Of the 7 countries in the top of the average health ranking, 5 have strong primary care infrastructures. Evidence indicates that the major benefit of health-care access accrues only when it facilitates receipt of primary care. (Starfield, 1998)

One might think that these sobering analyses of the U.S. health-care system would have lead to a public discussion and debate over how to address the shortcomings. Alas, both medical authorities and the general public alike are mostly unaware of this data, and we are no closer to a safe, accessible and effective health-care system today than we were eight years ago when these reports were published.

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Comments Join the Conversation

    • Kevin says

      Leave it to the medical industry “Public health” to downplay the effects of their mistakes and misques. Today as we are being made to stress over the most remote of risks available. To promote drug use or simply to entitle social engineering demands at all levels of government, as paternalist politics that enable unworkable budgets. The largest risks are buried or ignored. The most extensive analysis I have seen and there are many competitors that somehow avoid the headlines. This one says it best.

      http://www.whale.to/a/null9.html

      An extract from death by medicine, Gary Null-Whale

      “The number of unnecessary medical and surgical procedures performed annually is 7.5 million. The number of people exposed to unnecessary hospitalization annually is 8.9 million. The total number of iatrogenic deaths shown in the following table is 783,936. It is evident that the American medical system is the leading cause of death and injury in the United States. The 2001 heart disease annual death rate is 699,697; the annual cancer death rate, 553,251″

      Most often the medical, or drug company, lobby group advertisements are of the finger wag variety. Painting parents who decline the shot, as if unfit to be parents. Again a lobby group effort not unlike the anti-smoker “movement” painting hateful pictures of the non compliant, to promote drug company profits, by the skilful application of hateful emotional pain.

      People who identify themselves as “Public Health”, should be ashamed of yourselves. No amount of money or ego boosting prestige, is worth what you impose on others. Risk, comes no where close to the real damages and dangers ignored, in this bandwagon process. If we look to the medical evidence for a balanced perspective? nothing in all of the most well known medical Journals caries less of a lifetime risk, than tobacco smoke exposures, and just look at us now?

      It is time someone went to jail.

  1. Joe Touchole says

    Great article

    Today would have been my Dad’s 87 birthday, he passed 9/1/07. Many would say well that’s a nice long live and normally I would agree. However he was sent to his eternal reward as a result of the efforts of the drug companies that control the medical profession and the government turns a blind eye to . As long as the checks from the drug companies keep clearing in DC, this behavior will be allowed to continue. Tell me how this is allowed to happen ,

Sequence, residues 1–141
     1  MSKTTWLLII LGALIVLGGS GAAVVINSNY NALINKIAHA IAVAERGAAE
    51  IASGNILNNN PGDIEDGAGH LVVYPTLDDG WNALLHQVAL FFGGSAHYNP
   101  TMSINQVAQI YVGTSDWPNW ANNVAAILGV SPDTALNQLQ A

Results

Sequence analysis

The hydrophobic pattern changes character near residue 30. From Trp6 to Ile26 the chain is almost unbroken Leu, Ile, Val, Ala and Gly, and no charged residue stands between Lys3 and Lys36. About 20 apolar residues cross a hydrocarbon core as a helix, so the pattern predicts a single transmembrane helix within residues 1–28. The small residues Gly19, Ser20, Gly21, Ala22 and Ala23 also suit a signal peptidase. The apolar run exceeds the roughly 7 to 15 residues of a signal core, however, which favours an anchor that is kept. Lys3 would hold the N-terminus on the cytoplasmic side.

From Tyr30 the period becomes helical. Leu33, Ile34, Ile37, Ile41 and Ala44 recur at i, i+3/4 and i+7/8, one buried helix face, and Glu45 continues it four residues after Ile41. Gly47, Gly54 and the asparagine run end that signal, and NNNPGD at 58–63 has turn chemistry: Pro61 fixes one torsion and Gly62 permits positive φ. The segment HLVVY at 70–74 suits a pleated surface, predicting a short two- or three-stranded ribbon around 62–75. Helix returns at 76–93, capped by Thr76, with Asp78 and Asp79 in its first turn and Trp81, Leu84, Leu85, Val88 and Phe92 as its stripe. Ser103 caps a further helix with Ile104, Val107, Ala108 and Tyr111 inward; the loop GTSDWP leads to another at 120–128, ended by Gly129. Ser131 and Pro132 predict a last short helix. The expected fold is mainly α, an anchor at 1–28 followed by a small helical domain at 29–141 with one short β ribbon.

http://www.washingtonpost.com/wp-dyn/content/article/2008/05/13/AR2008051303349.html?hpid=topnews

  2. says

    Hi Joe,

    Thanks for your comment. I’m very sorry to hear of your loss.

    Our current situation is the entirely predictable result of for-profit health care, in my opinion. As publicly traded corporations, HMOs and pharmaceutical companies are required by law to maximize profit for shareholders.

    Any business owner can tell you that reducing costs and increasing sales is the way to maximize profits. In the healthcare industry, reducing costs means providing less service or providing cheaper services or both. Increasing sales means selling more drugs and technology-based elective procedures that generate income. It’s all rather simple when we look at it this way.

    I’m not confident that any of this will change significantly as long as we have a for-profit system.

    • Kevin says

      When a news article starts with new research says or the results of a new study conclude. It should set off warning bells in your head. More often than not these are articles originating from advertising agencies created to appear like legitimate news articles. Focus groups are paid to measure the effects of talking points, not for legitimacy, but for emotional strengths. The talking points are then repeated as though some new vocabulary, to entitle the all knowing and more intelligent politicians who sing along, with anything injected into the new speak culture. For far too long, the news wires have melded real stories with paid advertisements deliberately avoiding the sources. Legitimate research is published in the Journals for peer review and evaluation. When they are presented in the bold print headlines first, it speaks to a more legitimate need to deal with corruption and fraud.